It is a dangerous habit to develop, though, because once you get into a competitive workplace you really have to work hard to break the habit (I say from experience).

 

9 hours ago, Scaly Freak said:

But a lot of children don't have that either, and the few who do, don't waste it on the public school classroom ;)

True

 

-----------------------------------

 

OK, so I have a couple of days worth of updates to do.

 

Yesterday I was feeling really dead so after dropping Ghostlet off at school I went back to bed.  I couldn't sleep well, and drifted in and out of sleep until about 11am.  I was off for pretty much the whole day.  I am sure I will get used to this schedule eventually but until then this is going to be rough.  In the afternoon, Ghostess asked me to pack up some stuff for an overnight trip to the great wall.  She left work early with her whole crew and come back to pick up Ghostlet and I and we drove 2 hours up to a section called the Lakeside Great Wall.  We had dinner there and then stayed p until after midnight playing Uno and Super Mario (the original 1985 version).  It has been a long time since I played Super Mario, but my skills came back pretty quick.  It was fun to show off for the kids there, who thought I was some kind of computer game god :D 

 

This morning we slept in which was sooooooo nice.  I wish I didn't automatically wake up around 6, but it was nice not to have to get up and I was able to get back to sleep for another couple of hours.  We stopped off at a local farmer restaurant for lunch.  Most farmers in China, especially the ones around the city, don't have huge farms like you have in the US.  Instead they have enough land to run a restaurant so it is extremely popular for the folks in the city to drive out and have lunch or dinner at one of the farmer restaurants around.  The food is always super fresh and usually very tasty.

 

In the afternoon we went to the Great Wall and hiked around for a bit.  The most famous part of that section is a part of the wall that got submerged when they built a dam nearby.  We spent the whole afternoon there hiking around and taking pictures.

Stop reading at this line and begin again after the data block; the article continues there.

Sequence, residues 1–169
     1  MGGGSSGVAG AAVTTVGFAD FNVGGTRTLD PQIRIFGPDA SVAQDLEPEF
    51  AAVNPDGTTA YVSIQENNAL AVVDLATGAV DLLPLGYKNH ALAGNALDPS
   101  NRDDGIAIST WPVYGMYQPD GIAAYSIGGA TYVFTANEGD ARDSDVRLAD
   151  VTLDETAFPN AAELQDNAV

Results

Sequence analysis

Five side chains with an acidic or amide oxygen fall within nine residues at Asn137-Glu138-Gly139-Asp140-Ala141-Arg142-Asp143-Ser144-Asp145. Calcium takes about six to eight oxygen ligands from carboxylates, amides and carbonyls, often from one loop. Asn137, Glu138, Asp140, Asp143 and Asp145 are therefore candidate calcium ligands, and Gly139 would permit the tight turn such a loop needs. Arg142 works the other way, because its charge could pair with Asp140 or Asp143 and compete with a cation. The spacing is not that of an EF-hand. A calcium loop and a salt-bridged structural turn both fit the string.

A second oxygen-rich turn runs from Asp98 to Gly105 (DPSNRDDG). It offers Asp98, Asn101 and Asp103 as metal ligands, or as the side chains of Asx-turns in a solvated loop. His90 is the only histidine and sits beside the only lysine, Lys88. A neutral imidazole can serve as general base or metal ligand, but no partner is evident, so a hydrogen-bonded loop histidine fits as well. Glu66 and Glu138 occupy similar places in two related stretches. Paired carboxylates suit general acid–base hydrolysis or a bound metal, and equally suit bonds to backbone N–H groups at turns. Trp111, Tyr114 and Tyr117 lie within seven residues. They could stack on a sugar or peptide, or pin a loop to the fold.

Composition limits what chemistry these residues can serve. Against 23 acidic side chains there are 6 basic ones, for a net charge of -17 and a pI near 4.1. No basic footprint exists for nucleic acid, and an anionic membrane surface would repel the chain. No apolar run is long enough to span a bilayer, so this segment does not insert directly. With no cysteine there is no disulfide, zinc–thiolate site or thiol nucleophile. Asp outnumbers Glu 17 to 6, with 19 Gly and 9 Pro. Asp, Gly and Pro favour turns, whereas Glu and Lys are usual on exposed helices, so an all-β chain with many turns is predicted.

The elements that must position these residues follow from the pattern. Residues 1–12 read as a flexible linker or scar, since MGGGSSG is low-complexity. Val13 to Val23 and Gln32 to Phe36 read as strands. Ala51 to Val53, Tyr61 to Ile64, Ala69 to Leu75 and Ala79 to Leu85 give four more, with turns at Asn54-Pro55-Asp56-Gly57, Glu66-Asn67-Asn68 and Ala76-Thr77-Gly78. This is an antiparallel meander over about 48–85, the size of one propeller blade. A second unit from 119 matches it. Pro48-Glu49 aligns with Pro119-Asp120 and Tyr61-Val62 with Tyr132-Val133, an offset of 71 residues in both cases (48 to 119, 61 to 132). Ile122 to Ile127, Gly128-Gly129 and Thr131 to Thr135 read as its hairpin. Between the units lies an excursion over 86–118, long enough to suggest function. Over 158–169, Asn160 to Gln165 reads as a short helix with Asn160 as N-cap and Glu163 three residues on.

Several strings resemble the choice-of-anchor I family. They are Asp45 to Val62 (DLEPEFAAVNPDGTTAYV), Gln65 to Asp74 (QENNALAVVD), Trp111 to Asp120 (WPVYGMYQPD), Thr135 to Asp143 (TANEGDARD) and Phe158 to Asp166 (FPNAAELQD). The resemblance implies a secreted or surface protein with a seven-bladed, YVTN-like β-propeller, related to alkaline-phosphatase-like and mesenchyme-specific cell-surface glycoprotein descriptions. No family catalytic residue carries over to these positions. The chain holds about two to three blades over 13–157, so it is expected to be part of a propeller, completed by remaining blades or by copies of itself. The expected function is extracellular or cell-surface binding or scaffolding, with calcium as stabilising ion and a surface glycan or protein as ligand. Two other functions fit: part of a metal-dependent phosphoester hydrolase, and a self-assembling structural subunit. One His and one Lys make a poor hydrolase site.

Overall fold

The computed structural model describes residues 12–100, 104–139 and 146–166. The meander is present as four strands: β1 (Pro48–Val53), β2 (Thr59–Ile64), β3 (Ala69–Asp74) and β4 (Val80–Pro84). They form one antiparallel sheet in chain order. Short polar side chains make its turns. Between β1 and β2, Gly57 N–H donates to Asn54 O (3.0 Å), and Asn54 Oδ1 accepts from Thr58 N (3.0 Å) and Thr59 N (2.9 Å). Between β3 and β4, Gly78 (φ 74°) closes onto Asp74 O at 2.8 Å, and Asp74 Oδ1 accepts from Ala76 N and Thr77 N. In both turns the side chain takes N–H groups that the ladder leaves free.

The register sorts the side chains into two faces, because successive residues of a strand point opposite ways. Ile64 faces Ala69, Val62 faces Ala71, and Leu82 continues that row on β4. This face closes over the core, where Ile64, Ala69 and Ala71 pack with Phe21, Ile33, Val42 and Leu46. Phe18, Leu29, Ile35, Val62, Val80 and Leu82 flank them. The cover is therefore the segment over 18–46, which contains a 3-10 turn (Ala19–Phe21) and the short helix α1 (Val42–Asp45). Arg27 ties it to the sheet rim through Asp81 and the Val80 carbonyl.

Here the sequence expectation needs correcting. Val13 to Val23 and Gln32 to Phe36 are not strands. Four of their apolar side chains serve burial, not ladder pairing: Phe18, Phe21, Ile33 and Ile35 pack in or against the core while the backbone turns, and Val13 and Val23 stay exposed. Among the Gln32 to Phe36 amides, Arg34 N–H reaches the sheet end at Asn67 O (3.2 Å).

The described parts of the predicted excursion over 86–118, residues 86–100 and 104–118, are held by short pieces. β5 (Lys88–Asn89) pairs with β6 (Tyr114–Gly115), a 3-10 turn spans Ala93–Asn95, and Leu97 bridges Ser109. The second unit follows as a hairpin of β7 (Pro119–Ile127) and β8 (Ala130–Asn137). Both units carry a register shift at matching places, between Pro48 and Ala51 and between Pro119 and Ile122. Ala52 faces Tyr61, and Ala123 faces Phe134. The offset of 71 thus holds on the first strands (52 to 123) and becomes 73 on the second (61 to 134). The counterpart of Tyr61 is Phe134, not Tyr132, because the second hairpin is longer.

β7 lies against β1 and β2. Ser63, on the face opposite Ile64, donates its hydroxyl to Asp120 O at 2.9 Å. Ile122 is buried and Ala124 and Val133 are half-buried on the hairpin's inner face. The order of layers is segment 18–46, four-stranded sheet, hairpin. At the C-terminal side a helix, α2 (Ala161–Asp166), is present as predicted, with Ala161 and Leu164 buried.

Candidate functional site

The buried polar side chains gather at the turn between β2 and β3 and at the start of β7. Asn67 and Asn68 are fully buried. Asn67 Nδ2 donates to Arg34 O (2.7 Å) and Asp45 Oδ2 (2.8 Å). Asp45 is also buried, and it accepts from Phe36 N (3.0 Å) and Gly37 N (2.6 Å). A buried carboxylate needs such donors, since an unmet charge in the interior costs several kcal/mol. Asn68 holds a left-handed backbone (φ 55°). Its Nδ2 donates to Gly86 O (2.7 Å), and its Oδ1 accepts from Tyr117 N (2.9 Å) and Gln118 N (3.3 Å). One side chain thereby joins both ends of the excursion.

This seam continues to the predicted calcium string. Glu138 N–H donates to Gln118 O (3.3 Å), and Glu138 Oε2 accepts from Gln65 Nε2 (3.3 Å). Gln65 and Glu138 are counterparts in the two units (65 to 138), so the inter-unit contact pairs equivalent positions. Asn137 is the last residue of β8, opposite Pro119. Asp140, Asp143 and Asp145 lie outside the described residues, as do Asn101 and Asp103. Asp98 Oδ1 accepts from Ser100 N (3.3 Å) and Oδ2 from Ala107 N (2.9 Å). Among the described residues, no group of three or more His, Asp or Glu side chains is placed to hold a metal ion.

We drove back in the evening and then had dinner at home.  Two of her friends came back with us and are having a sleepover.   

 

I had two sausage based meals these two days, one was more hashbrowns but with cheese added and then tonight Ghostess made some steamed noodles with green beans that she bought from the farm restaurant at lunch

 

 

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2 hours ago, WhiteGhost said:

My standard is 1 kind of preserved meat (sausage, jerky, etc.), a cheese, some nuts, some fruit (dried or fresh), and maybe something salty (pickles, olives, etc.)  I include the last item, just because I like them.  :)   Some people like to add in some kind of carb like bread or crackers, but I prefer to skip those.

 

That's along the same lines I was thinking, though I'm definitely more of a carb person and less of a something salty person!

 

2 hours ago, WhiteGhost said:

We stopped off at a local farmer restaurant for lunch.  Most farmers in China, especially the ones around the city, don't have huge farms like you have in the US.  Instead they have enough land to run a restaurant so it is extremely popular for the folks in the city to drive out and have lunch or dinner at one of the farmer restaurants around.  The food is always super fresh and usually very tasty.

 

That sounds like a great way to work it. We've got a small handful of places like that over here, smallholdings that will have a little cafe or similar. Definitely think more of this and less of the commercial giants are needed.

 

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18 hours ago, iatetheyeti said:

Definitely think more of this and less of the commercial giants are needed.

For sure

 

-----------------------------------